Senecio pulcher

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Senecio pulcher
Scientific classification
Kingdom: Plantae
(unranked): Angiosperms
(unranked): Eudicots
(unranked): Asterids
Order: Asterales
Family: Asteraceae
Genus: Senecio
Species: S. pulcher
Binomial name
Senecio pulcher
Hook. & Arn.[1]
Range map-Senecio pulcher.svg
Range of Senecio pulcher.

Senecio pulcher is an ornamental plant native to the wet valleys & slopes and flooded rocky[2] habitats in Argentina, Brazil, and Uruguay. Cited in Flora Brasiliensis[3] by Carl Friedrich Philipp von Martius. After Dusty miller (S. cineraria), S. pulcher is perhaps one of the most popular species of the genus for horticulture along with German Ivy (Senecio mikanioides) and Purple ragwort (Senecio elegans) or it was in 1917.[4]


A robust 2 feet (0.61 m) to 4 feet (1.2 m) tall[4] erect herb perennial with a stem[2] covered with 'cobwebby' hairs. Its scarce leaves 4 inches (10 cm) to 10 inches (25 cm) long, shallow lobes along the margin with teeth and a thick taper at the tip.[4]

The late summer inflorescence very striking;[2] the radiate flower heads, 2 inches (5.1 cm) to 3 inches (7.6 cm) across with many long red-purple rays and a yellow disc.[4]


S. Pulcher grows at altitudes between 0 feet (0 m) and 2,600 feet (790 m)[5] in Southern Brazil, Uruguay and the southern mountains in Argentina.[4]


S. pulcher is grown as an ornamental plant in the United States and Europe; flowering in late summer;[2] it is known to be hardy in southern New England in protected places with well drained soils,[4] but its beauty can be marred by frost and bad weather.[6]

A native perennial, as a captive, S. pulcher is an annual who is hesitant to ripen its seed;[6] the gardeners continue the species with inch long root cuttings over-wintered in a pan of light sandy soil in a greenhouse.[6][7]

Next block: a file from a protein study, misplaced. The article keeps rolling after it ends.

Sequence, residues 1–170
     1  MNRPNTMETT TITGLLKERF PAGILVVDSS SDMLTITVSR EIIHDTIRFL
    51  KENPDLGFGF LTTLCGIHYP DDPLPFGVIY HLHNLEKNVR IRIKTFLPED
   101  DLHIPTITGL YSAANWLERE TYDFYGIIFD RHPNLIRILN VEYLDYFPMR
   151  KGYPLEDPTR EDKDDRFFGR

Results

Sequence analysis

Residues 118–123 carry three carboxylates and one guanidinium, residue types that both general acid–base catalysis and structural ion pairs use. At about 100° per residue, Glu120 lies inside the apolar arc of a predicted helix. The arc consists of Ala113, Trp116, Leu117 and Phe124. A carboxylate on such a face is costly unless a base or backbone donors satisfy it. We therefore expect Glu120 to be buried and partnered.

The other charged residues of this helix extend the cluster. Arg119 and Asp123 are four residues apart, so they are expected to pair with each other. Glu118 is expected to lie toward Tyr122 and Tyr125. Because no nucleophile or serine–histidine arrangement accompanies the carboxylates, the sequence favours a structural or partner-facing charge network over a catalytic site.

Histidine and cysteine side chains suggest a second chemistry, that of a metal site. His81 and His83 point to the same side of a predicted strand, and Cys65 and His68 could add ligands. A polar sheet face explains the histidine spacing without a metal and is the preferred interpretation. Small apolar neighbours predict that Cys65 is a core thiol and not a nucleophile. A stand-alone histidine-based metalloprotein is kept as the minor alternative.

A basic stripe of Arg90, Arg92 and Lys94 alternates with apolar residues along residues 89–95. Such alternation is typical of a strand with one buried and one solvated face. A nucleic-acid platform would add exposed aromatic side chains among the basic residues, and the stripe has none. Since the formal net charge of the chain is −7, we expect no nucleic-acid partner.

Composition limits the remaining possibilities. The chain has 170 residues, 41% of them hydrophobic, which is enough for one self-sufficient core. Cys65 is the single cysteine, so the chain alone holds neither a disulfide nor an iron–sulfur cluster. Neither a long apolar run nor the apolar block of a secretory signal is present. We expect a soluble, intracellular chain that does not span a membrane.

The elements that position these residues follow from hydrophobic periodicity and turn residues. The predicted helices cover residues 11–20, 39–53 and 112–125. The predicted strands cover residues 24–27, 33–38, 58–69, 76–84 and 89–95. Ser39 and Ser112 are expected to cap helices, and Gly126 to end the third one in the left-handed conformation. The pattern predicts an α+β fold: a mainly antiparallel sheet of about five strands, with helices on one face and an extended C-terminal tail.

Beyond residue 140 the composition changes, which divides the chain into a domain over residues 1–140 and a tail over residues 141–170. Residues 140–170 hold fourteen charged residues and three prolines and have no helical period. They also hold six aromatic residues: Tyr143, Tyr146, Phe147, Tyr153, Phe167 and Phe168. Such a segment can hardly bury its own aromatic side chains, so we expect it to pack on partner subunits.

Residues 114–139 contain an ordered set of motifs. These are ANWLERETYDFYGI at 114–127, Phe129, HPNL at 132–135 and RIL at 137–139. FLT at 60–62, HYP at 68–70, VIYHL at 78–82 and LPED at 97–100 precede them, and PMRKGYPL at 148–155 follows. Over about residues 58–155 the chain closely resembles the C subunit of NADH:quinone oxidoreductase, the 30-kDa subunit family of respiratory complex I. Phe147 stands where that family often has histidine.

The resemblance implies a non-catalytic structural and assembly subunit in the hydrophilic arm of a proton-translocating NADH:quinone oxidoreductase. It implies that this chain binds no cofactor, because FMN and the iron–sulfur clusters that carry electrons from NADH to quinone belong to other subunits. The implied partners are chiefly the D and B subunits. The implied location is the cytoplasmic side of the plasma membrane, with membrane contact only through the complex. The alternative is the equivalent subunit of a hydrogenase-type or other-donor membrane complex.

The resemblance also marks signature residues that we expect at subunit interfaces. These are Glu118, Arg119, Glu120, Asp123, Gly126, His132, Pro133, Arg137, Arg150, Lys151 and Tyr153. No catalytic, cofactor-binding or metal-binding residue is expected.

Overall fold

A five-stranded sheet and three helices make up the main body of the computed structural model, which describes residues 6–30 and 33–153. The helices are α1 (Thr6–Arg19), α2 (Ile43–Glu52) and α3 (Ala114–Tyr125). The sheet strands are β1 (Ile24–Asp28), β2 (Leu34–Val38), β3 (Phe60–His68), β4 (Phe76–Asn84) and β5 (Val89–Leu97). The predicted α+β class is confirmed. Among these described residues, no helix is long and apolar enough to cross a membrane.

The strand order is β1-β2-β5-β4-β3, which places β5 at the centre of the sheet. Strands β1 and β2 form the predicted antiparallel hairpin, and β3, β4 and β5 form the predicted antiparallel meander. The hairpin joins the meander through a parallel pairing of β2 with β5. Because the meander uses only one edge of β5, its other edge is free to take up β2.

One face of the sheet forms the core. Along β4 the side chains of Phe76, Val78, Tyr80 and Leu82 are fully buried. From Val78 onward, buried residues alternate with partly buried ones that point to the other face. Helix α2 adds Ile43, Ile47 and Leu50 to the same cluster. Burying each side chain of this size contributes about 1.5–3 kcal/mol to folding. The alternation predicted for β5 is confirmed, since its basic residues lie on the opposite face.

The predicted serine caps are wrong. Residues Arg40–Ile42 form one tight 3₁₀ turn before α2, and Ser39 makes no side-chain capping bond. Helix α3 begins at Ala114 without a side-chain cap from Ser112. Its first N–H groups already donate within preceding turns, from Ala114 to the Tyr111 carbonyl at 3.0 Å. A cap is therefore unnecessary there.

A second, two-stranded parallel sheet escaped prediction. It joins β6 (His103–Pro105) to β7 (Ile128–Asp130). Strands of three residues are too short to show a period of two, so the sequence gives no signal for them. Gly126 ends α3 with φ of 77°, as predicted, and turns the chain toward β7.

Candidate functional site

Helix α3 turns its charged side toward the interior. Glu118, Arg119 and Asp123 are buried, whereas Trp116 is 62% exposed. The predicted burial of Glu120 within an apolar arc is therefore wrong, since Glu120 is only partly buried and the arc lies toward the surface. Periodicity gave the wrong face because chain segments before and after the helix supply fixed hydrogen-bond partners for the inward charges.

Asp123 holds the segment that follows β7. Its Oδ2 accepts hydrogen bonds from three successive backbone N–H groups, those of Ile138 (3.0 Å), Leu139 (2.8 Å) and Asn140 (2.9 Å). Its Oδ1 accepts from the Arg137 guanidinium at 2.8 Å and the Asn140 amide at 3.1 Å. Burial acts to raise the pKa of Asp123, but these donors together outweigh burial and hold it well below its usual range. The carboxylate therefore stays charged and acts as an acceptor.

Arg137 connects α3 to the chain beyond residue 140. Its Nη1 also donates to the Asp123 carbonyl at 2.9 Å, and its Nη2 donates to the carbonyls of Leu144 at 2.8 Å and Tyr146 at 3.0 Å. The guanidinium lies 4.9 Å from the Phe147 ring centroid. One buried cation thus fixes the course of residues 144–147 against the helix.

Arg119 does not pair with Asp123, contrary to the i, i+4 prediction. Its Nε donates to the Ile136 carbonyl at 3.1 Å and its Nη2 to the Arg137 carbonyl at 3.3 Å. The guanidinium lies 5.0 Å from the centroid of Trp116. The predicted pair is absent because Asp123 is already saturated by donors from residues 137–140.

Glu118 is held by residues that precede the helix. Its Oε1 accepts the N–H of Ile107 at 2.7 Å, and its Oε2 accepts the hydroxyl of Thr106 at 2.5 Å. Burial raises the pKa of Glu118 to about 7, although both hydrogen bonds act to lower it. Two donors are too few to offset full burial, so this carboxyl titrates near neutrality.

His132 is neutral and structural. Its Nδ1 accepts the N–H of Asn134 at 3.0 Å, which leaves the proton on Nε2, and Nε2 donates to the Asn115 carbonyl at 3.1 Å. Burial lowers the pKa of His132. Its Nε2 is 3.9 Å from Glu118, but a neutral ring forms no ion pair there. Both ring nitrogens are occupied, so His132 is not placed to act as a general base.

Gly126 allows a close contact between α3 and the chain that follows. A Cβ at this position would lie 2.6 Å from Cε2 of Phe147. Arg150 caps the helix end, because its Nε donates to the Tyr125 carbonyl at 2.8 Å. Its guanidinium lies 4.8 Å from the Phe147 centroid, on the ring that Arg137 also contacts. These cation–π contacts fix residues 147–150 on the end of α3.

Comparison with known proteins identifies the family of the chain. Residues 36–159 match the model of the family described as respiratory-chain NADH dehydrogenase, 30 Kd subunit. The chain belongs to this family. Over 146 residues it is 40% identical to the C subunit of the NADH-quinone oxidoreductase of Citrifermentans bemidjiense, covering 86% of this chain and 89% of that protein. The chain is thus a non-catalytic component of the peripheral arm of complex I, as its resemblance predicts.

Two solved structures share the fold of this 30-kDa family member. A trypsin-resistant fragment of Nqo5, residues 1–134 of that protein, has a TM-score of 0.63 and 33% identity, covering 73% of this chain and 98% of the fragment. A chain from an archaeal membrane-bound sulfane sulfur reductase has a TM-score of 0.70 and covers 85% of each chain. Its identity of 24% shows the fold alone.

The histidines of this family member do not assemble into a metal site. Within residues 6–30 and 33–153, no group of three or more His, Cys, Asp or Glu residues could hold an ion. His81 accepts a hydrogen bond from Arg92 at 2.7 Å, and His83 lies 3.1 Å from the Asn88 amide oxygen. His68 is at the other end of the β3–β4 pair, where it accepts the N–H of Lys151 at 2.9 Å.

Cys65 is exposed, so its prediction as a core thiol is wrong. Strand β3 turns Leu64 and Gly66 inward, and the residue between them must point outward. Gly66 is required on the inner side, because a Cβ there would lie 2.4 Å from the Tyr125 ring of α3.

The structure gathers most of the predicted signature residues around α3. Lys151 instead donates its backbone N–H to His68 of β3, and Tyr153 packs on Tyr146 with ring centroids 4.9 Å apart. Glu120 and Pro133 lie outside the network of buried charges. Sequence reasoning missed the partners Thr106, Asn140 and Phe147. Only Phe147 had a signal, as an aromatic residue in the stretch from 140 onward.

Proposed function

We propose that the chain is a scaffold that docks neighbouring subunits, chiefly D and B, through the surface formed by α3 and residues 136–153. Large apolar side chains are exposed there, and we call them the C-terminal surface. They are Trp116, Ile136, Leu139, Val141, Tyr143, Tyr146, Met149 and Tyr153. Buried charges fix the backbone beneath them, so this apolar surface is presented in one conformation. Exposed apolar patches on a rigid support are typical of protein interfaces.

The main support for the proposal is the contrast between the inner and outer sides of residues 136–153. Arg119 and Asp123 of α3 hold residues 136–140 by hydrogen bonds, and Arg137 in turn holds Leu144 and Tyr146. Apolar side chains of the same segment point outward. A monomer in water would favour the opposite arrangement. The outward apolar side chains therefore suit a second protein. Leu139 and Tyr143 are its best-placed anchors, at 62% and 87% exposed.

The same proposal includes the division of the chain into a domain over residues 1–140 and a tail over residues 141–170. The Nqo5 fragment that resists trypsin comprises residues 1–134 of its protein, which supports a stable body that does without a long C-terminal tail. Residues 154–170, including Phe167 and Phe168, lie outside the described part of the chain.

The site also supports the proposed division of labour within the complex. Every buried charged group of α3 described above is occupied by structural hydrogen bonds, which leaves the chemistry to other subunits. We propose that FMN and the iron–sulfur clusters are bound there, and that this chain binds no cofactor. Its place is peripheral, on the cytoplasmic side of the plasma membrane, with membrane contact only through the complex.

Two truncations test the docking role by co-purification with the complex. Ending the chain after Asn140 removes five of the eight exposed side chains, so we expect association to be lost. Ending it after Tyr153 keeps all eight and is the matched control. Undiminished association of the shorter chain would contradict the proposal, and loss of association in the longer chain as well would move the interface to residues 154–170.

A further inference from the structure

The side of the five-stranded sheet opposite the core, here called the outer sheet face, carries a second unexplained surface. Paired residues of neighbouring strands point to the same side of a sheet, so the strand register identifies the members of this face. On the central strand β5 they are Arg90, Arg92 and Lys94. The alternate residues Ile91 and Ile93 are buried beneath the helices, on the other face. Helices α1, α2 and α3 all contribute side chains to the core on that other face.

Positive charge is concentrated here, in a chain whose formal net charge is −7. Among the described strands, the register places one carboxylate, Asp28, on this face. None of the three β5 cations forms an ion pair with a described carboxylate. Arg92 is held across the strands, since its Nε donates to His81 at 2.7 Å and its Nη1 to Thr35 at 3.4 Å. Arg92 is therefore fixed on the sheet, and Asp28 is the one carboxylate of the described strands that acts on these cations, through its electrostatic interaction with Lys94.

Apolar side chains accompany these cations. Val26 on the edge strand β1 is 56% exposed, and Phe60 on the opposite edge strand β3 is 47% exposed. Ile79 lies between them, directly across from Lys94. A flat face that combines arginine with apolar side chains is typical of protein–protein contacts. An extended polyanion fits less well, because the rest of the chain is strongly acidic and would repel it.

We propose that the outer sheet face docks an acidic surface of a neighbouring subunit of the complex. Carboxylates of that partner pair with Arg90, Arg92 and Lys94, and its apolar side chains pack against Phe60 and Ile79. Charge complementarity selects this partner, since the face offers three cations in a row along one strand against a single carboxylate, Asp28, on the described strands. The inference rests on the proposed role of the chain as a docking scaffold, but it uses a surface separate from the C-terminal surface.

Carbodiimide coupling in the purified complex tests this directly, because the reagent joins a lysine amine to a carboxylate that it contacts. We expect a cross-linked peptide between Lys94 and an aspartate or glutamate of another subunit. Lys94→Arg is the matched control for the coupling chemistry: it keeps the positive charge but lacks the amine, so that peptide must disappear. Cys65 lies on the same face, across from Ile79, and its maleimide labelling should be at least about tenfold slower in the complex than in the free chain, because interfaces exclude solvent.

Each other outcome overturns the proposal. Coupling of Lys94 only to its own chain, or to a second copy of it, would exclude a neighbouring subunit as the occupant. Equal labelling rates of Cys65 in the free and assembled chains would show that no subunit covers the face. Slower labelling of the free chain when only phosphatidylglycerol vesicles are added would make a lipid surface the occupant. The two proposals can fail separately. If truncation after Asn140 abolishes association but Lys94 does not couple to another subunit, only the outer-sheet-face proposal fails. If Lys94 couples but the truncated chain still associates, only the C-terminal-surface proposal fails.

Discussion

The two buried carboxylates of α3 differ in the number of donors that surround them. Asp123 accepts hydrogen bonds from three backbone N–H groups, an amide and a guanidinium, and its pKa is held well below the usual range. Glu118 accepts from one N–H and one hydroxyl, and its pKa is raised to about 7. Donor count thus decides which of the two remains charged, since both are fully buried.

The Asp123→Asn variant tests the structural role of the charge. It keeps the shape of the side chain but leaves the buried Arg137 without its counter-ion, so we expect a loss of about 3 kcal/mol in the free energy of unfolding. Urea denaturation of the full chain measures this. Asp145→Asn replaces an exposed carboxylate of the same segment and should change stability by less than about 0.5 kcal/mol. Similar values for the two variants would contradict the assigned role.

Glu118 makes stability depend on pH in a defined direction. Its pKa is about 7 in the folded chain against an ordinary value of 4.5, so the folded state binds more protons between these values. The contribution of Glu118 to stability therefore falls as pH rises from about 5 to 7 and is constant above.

1. ^ Instituto de Biologia da Unicamp. "Senecio pulcher Hook. & Arn". Classificação segundo a Flora brasiliensis (in Portuguese). Reference Center on Environmental Information (CRIA). Retrieved 2008-02-28. 
  2. ^ a b c d Rodrigo Tizón. "Púrpura COMPUESTAS Senecio pulcher". Guía de las Plantas Nativas del Sistema de Ventania (in Spanish). Retrieved 2008-02-27. 
  3. ^ Martius, Karl Friedrich Philipp von; Eichler, August Wilhelm; Endlicher, István László; Fenzl, Eduard; Mary, Benj; Oldenburg, R; Urban, Ignaz. (1840–1906). " Flora Brasiliensis, enumeratio plantarum in Brasilia hactenus detectarum". Monachii et Lipsiae [Munich & Leipzig] : R. Oldenbourg ; 1840-1906. Retrieved 2008-03-05. 
  4. ^ a b c d e f Bailey, Liberty Hyde (1917). "Senecio". The Standard Cyclopedia of Horticulture: A Discussion for the Amateur, and ... (6 ed.). The Macmillan Company. p. 3639. 
  5. ^ Instituto Darwinion. "Asteraceae". Catálogo de las Plantas Vasculares de la República Argentina. II (in Spanish). Universidad de Buenos Aires. pp. 209 (of 255). Archived from the original (PDF) on 2007-12-13. Retrieved 2008-03-05. 
  6. ^ a b c Initial Author: Peter (2006-09-11). "Groundsel". LoveToKnow. Retrieved 2008-02-27. 
  7. ^ "Autumn perennials for your greenhouse". Gardening howto. Retrieved 2008-02-28. 

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